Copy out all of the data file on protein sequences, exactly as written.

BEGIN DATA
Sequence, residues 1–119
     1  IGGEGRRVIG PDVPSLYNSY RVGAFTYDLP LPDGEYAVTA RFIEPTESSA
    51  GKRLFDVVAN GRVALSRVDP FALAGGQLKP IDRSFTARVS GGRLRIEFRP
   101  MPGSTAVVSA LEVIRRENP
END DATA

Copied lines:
Sequence, residues 1–119
     1  IGGEGRRVIG PDVPSLYNSY RVGAFTYDLP LPDGEYAVTA RFIEPTESSA
    51  GKRLFDVVAN GRVALSRVDP FALAGGQLKP IDRSFTARVS GGRLRIEFRP
   101  MPGSTAVVSA LEVIRRENP